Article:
I see a lot of people, particularly on Twitter, mentioning their pet peeves in books, or tropes that they’ve seen so much, they can’t stand the sight of it one more time. And usually, though I understand where they’re coming from, I 100% disagree!
So, here are some of my most unpopular opinions!
#4- The “released a breath she didn’t know she was holding” isn’t a big deal
People on book Twitter HATE this line, or anything similar to it. So much so, that is was practically a bookish meme. And, thanks to Twitter, I can’t not notice when an author uses this line; it always jumps right out at me.
But, if I’m honest, it doesn’t bother me at all. There are times in my life when I realize, “Wait, why am I holding my breath? I didn’t mean to do that?” And I’m not even in life-and-death or steamy-romantic situations! I can hardly blame characters in those intense moments for holding a breath without realizing.
#3- I am SO over the idea of, “And then Harry woke up, and realized it was all a dream.”
I’ve seen this one the most with Harry Potter, which is why I gave it as the example, but I’ve seen it with other stories, too. This idea that, after we read thousands of pages following these characters on great adventures, suddenly they wake up and realize it was all their imagination. Most times I’ve seen people advocate for this, they seem to do it out of a want to shock and surprise the reader, but I cannot stand this idea.
In a Creative Writing class, not doing this is the first thing you learn after “show, don’t tell.” It takes away any impact the story may have had. If you go on this crazy, fantastic adventure, and then bring it back to “lol jk it was a dream” or “haha just kidding, it was all a figment of their imagination,” all the character development and all the struggles we saw become moot. Great books leave readers feeling like, “Well, if Harry Potter can make it through all that, then I can make it through this.” Somehow, the idea of, “Well, if Harry Potter dreamt all that, I can… idk, dream it, too, I guess?” doesn’t have the same appeal.
It also wastes the readers’ time. Like, imagine reading the thousands of pages of Harry Potter, and then you get to the end and it’s like, “Oh yeah, that? That was all for nothing. None of happened and nothing matters, bye!” I would be TICKED. Honestly, this suggestion annoys me way more than it probably should.
#2- The lack of parental figures in YA Fantasy isn’t a bad thing
I’ve seen this one a lot. People always ask why all these best-selling characters have dead parents and/or horrible parental figures. “Just once,” they say, “we want our characters to experience a happy, healthy parent who loves them.” While I understand that there is sometimes a lack of sensitivity for readers who may have lost parents, I still think that loss is necessary for most stories.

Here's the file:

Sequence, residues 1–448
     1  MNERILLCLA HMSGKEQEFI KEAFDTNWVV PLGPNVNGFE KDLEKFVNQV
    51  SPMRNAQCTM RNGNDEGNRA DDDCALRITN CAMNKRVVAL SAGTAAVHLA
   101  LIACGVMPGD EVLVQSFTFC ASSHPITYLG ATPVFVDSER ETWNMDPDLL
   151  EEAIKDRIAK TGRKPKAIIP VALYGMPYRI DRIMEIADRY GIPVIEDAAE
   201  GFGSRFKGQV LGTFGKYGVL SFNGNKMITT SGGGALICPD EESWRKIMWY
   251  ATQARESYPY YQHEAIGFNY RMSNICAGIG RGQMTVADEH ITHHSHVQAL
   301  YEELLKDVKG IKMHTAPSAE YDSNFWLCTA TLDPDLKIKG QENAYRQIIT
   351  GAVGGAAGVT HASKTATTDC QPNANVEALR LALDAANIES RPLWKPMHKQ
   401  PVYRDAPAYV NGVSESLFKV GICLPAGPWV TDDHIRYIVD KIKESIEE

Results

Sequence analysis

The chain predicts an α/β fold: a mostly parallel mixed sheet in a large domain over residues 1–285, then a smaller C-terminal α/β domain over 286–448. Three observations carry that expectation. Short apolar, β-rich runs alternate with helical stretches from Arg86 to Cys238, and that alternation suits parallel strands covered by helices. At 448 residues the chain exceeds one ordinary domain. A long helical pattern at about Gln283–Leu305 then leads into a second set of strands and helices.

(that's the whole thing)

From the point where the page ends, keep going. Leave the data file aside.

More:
Reason #1 is that the story would likely become the parents’, not the teens’/young adults’. Because no good parent is going to let their child risk their lives, the parents will probably be the ones going on the adventure, leaving their child home in safety. Unless that child sneaks out to handle it on their own, in which case, you’ve still removed the parents from the story, which kind of defeats the purpose.
Reason #2 is that it frees character to develop in ways they couldn’t otherwise. If Kaz Brekker still had loving, caring parents, do you think he would have become the Bastard of the Barrel? Yes, that example is a little extreme, but a lot of times the loss of a parent, whether physically or mentally, is the catalyst for the character becoming who they need to be to fit the story (see: Prince Zuko in Avatar: the Last Airbender, Katniss Everdeen in The Hunger Games, Asha in The Last Namsara, Jude in The Cruel Prince) or even the catalyst for the entire story (see: Harry Potter, The Name of the Wind, An Ember in the Ashes).
#1- Romance in non-romance books is SUPER realistic
I’m a huge fantasy reader, and so I see this particularly with other sci-fi/fantasy readers. They’ll read a book, and then say something along the lines of, “The story was great, but why does there need to be romance?!? My girl’s saving the world, she doesn’t have time for smooching!!” Again, I get where they’re coming from; sometimes a romance isn’t handled well, but I actually think a bit of romance in those situations is more realistic than the romance in the
very few romance novels I’ve read. In fact, I think having that romance there is more realistic than having it be non-existent.
Here’s the thing: when a character is thrown into a life-and-death, you’re-the-only-hope-for-our-world types of situations, that character is going to be sharing some intense moments with the members of their group. They’re going to see each other break down, they’re going to see each other triumph, they’re going to see how each person handles loss or victory, fear or contentment, joy and anger. That kind of emotional closeness usually brings about very strong emotions. And since these characters
hopefully don’t hate the other people in their group, those strong feelings often result in affection or love. So, to me, having that romance is WAY more realistic than not having it on the basis of “they’re busy.” To me, it’s the intensity of their situation that makes the romance MORE realistic, not less.
Thanks for reading!
What do you think? Do you hate me for any of my blasphemous comments? Or maybe you actually agree with me? Do you have any unpopular opinions of your own? Let me know in the comments below!